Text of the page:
Anaheim is in a different situation after a great start. Ducks goalie Jonas Hiller has a 2.53 GAA and .918 save percentage in 264 career games before the weekend. Miller has a 2.58 GAA and .915 save percentage in 484 games. Miller has more big-game experience, and his best is better than Hiller’s best.

Hiller makes $4.5 million and is signed through next season. Miller makes $6.25 million and is signed through next year. An exchange of the goalies would make sense for an Anaheim team on the rise and has room under the salary cap and a Buffalo team that needs to trim payroll before the cap decreases next season.

Allen red-hot for Blues

St. Louis looks like it has another good goaltender in rookie Jake Allen, who improved his record to 7-1 with 28 saves against Phoenix for his first NHL shutout. He was summoned from AHL Peoria and appears intent on sticking around.

Allen, a second-round pick in the 2008 draft, had a 2.33 GAA and .915 save percentage in nine games this season. The Blues rode him for four victories in five games with Jaroslav Halak taking the loss in the other. The kid is making only $787,000.

“I just think he’s a good goalie,” Blues coach Ken Hitchcock said. “I think he’s sound technically, three-year pro, he’s figured it out. He understands positioning on the ice. He’s played a lot of hockey down there, so I don’t think he’s overwhelmed by anything.”

The Blues had the best tandem in the NHL last season with Halak and Brian Elliott, who allowed only 165 goals and ran away with the Jennings Trophy. Halak had a 5-3-1 record with a 2.38 GAA and .881 save percentage while Elliott had a 3-6-1 with a 3.65 GAA and .851 SP.

St. Louis is keeping three goalies on the roster for now. If Allen continues to play well, the Blues could look into trading one of their veterans.

Pinizzotto hits big time

Canucks forward Steve Pinizzotto waited so long for a chance to play an NHL game that he figured he would get the most out of his experience. The 28-year-old made his debut against Nashville and got into a fight with Kevin Klein on his first shift.

“I just had a ton of built-up energy and had to release it somehow,” Pinizzotto said. “But you can’t really explain stuff like that, you’ve got to live it and it was just a great feeling.”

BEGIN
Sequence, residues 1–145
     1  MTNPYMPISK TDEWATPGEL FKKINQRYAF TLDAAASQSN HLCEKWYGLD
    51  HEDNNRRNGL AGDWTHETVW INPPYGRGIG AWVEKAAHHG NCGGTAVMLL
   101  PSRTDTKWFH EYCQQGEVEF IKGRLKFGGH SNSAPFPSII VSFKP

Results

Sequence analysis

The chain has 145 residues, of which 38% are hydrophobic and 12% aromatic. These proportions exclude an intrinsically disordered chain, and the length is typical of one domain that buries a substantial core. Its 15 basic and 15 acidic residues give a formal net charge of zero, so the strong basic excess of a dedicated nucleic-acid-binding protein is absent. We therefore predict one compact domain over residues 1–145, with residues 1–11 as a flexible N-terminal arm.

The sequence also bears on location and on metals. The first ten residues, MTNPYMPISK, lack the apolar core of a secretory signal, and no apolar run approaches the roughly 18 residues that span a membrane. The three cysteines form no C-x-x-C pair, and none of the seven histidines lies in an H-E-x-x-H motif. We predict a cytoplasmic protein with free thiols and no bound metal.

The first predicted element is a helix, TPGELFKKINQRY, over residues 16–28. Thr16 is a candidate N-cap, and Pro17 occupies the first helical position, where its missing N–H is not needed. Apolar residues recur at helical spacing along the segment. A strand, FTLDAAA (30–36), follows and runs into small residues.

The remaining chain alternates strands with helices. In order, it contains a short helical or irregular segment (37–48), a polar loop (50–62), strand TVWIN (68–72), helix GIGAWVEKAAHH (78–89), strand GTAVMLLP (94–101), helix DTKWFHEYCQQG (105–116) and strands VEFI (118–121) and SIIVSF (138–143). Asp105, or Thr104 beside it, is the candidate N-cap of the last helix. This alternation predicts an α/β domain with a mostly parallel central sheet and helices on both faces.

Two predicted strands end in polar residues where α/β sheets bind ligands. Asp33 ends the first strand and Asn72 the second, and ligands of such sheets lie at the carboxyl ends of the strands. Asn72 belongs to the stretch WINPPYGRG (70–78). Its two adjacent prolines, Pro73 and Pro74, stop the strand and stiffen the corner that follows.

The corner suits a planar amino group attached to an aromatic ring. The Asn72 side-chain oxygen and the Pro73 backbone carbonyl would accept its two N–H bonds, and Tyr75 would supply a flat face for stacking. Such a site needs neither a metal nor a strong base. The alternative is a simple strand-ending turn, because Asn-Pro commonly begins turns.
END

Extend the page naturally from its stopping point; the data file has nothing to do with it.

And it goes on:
Pinizzotto spent six years chasing one shift in the NHL after two seasons with Rochester Institute of Technology. He was an undrafted free agent, played parts of two seasons with South Carolina Stingrays (ECHL) along with five more in Hershey. He had four goals and 12 points in 24 games with AHL Chicago before getting the call.

“It was good, exciting fun,’’ Pinizzotto said. “I could say a million things. You wait a long time, 28 years.”

Flyers kept wrong goalie

Flyers GM Paul Holmgren must have been shaking his head last week knowing he committed nine years and $51 million to Ilya Bryzgalov when a better goaltender was right under his nose.

Sergei Bobrovsky had a 5-0-3 record since Feb. 23 and was the biggest reason the Blue Jackets climbed out of the Western Conference basement. He was named one of the NHL’s three stars last week. He had a 2.11 GAA and .927 save percentage and eight of the Jackets’ 10 wins this season.

All he needed was a few minor adjustments. Goaltending coach Ian Clark has him keeping his feet longer, especially when he can’t find the puck, before retreating to the butterfly position. It has allowed him to take up more space. He’s also getting better with more playing time, which vanished in Philly.

“I am feeling comfortable now, and happy,” he said. “The guys are playing great in front of me. I’m seeing every puck, reacting quickly. I’m working hard, and then the next day work, work, work. That’s how you get better. That’s only way to get better.”

Bryzgalov had a 12-12-1 record with a 2.86 GAA and .896 save percentage for the Flyers after losing three times in four starts and getting pulled from another game.

Around the boards

• Edmonton continues keeping an eye on Sabres winger Drew Stafford, who has not performed to his potential. Stafford is the kind of player who could blossom with a different team. Injury-prone winger Ales Hemsky, who has one full season at $5 million left on his contract, appears to be primary trade bait.

• We’ll see how things shake out, but it wouldn’t surprise me if the Rangers or Flyers fire their coaches and hire Lindy Ruff this season. The Rangers have been going through the motions under John Tortorella. Philly hasn’t played well all year under Peter Laviolette. Their tenures could be nearing an end.

• Talks are ongoing about adding an outdoor game during the 2015-16 season in Winnipeg. It would likely be held in late February or early March, which beats spitting icicles in January. The city is putting finishing touches on a 33,000-seat football stadium and would add about 7,000 seats for the outdoor game.

• Never known for his commitment to defense, Ilya Kovalchuk led the NHL with four shorthanded goals. Kovy begged last season for more time on the penalty kill. He had twice as many goals this year on the PK as he has on the PP. Opponents, beware. “They don’t expect you to be that aggressive,” he said. “That’s the key.”